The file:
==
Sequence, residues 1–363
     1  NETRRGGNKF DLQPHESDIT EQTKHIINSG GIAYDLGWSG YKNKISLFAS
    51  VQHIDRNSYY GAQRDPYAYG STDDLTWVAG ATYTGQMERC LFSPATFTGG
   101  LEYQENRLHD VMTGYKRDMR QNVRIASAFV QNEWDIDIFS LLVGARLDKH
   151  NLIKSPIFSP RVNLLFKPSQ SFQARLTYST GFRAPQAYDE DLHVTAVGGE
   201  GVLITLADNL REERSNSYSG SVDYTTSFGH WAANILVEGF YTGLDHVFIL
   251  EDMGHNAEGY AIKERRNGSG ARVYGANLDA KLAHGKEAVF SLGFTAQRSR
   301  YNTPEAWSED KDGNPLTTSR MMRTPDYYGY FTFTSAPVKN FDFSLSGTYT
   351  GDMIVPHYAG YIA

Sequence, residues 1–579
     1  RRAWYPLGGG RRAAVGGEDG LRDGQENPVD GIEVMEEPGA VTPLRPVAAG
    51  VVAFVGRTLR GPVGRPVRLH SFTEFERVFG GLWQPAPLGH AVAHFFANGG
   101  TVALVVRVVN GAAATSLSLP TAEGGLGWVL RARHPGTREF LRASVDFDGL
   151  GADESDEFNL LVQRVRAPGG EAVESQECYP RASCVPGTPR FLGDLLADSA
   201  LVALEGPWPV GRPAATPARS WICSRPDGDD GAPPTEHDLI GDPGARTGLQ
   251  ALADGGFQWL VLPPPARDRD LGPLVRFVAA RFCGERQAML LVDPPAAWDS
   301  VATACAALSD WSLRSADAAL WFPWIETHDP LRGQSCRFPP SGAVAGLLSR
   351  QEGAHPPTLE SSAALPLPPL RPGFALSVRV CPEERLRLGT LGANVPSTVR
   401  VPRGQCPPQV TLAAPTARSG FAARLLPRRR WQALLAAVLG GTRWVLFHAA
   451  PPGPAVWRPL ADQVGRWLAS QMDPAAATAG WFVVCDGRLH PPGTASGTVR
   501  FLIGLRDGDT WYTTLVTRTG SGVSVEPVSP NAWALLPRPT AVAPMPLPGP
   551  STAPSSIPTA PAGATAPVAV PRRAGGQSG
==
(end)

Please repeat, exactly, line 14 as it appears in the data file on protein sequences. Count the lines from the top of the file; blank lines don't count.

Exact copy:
   151  GADESDEFNL LVQRVRAPGG EAVESQECYP RASCVPGTPR FLGDLLADSA